By Drs. Robert & Sonia Vogl
President and Vice President
Illinois Renewable Energy Association
Food for thought was provided at the recent 14th annual workshop by that name sponsored by the Northwest Audubon Society.
Keynoter Terra Brockman, founder of The Land Connection, shared thoughtful morsels. When asked what is local, since interest in eating locally is high, she responded, “As far as you have to go to get what you want.” While this was probably not the definition in the minds of most who were present, it did make us think.
She humorously shared the horror of people who claim farm-fresh fruit and vegetables are unfit for human consumption, since they are “grown outside in the dirt!” Her concerns went beyond those of us with ready access to fresh, wholesome food to those who get “no real food at all”—food inequity—being unable to consume any nutrition other than prepared “foods.”
Locally-grown foods were prepared by local cooks, reminding us of the lower transportation and fuel costs of eating locally. Recipes were willingly shared.
Mary Blackmore, who “has been gardening for 200 years,” provided hints on root cellaring, a low-impact technique for preserving foods for the non-gardening season. The exhausting work and energy use of canning, freezing and drying can be avoided for many foods. Of course, these techniques are needed to preserve some produce, especially fruit. Specific hints and a summary were printed to share with the audience.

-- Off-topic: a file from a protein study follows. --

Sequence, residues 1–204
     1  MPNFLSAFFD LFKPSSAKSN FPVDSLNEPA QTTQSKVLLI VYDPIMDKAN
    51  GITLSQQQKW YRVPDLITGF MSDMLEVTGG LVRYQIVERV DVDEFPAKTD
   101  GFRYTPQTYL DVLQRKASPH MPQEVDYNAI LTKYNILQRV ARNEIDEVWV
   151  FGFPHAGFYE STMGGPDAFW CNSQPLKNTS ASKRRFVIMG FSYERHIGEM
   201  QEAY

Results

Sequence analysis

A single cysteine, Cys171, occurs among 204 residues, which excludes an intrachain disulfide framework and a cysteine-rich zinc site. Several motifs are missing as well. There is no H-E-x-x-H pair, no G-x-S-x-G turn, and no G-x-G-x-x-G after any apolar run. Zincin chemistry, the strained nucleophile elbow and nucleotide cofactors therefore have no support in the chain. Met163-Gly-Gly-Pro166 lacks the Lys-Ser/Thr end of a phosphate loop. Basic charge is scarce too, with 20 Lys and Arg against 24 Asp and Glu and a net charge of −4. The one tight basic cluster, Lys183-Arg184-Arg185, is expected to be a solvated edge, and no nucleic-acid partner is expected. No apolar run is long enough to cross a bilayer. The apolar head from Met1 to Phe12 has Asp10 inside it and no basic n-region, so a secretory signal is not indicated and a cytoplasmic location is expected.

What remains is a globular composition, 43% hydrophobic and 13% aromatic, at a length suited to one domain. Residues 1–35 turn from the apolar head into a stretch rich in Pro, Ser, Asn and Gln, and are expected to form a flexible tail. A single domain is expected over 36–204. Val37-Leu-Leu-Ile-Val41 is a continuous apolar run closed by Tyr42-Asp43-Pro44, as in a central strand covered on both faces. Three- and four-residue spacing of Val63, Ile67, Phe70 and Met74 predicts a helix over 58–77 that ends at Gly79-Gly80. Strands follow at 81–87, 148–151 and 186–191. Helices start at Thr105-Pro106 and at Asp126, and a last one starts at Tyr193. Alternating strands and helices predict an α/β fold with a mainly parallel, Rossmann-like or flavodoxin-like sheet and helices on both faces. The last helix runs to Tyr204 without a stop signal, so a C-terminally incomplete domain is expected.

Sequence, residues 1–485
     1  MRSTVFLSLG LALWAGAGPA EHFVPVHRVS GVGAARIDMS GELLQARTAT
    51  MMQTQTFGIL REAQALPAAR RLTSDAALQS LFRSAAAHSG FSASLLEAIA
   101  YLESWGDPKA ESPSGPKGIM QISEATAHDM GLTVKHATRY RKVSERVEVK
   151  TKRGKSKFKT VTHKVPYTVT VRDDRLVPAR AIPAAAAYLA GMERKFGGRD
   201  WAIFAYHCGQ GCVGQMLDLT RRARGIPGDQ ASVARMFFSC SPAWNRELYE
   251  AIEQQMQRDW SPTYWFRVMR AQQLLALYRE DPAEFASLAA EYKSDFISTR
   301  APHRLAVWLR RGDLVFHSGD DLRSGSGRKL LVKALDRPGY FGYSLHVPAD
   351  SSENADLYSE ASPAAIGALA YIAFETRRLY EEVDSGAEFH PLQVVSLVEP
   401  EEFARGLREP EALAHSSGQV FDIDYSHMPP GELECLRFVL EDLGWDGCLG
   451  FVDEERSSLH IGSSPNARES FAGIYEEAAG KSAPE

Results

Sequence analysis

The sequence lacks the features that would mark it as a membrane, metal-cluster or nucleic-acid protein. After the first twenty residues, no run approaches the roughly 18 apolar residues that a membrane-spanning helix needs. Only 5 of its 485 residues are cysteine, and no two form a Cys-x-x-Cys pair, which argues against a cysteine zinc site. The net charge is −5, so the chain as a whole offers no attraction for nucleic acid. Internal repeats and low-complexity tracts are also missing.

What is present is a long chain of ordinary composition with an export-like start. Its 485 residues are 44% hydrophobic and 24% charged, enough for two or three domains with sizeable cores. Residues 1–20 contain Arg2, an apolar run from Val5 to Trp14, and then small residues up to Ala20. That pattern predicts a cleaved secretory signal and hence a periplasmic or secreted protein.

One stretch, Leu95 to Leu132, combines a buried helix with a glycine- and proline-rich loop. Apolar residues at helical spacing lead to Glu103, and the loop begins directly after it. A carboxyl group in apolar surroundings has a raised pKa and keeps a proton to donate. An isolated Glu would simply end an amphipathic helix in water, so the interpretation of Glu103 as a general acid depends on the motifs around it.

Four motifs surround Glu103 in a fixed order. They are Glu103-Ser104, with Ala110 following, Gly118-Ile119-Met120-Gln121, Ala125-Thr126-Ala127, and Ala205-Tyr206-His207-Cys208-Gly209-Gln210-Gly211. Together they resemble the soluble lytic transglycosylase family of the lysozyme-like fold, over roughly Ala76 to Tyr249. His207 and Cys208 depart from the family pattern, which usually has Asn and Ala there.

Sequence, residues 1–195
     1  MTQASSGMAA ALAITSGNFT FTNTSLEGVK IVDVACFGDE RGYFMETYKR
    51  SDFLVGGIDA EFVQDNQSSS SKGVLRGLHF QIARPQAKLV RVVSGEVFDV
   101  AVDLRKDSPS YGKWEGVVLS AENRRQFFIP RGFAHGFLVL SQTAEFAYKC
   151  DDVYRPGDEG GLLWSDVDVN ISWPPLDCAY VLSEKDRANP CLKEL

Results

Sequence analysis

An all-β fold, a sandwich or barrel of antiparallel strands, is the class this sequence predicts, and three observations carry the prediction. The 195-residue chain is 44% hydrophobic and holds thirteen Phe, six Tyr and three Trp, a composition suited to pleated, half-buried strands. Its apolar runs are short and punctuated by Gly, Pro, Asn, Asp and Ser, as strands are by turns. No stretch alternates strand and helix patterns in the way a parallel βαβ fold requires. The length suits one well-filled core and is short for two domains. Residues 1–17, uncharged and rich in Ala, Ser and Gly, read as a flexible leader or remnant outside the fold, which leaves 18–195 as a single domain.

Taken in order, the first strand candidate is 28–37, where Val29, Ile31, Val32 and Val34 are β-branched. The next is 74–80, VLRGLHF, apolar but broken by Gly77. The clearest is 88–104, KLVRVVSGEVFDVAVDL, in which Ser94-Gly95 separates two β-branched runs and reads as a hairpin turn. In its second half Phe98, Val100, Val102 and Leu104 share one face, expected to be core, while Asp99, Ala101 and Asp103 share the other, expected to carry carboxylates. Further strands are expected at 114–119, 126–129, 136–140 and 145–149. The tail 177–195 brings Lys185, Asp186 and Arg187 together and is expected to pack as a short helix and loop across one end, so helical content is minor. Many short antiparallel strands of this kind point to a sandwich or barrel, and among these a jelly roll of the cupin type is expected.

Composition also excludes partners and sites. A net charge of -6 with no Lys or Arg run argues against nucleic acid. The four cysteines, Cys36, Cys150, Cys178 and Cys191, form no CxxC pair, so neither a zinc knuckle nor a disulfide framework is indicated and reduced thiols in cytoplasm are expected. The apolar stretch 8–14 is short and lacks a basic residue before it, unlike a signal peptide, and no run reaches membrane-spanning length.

Everyday people shared amazing things with other everyday people who make a positive difference in the world through their individual and collective actions, providing healthy foods and a healthier environment.
A Rockford couple with two small children shared their one-year food odyssey eating locally. They were amazed to discover their diet had more variety and cost less than eating imported and processed foods. They were also amazed their children had little desire for other foods when the year was over. She advised that a diet composed totally of locally-grown (much of it in their own garden) and prepared (baking from scratch and canning) food was possible at the time since she was a full-time mom, but that it was time-consumingly impractical for most people in the 21st-century world.
Two real farmers, women who returned to the land for natural lives filled with real food grown for self and others, shared their passion. Andi Hazzard was concerned that we “outsource all of our ugliness.” She believes that people need to understand the entire cycle of their food, that those who eat meat should do at least some of their own butchering to know the fleetingness of life. Butchering one’s own animals “hurts the heart.”
While milk, eggs and cheese were part of the menu, little meat was prepared. The day’s fare was primarily vegetarian, using natural foods close to the the earth. Later, we smelled the sweet, fresh earth of our gardens. It reminded us of the silly ’90s camp song, “Dirt made my lunch.”
Finally, Rich Benning, who has presided over the event for as long as we can remember, mused that perhaps preaching to the choir is not bad, since “the choir can sing louder now.”
From the Nov. 17-23, 2010 issue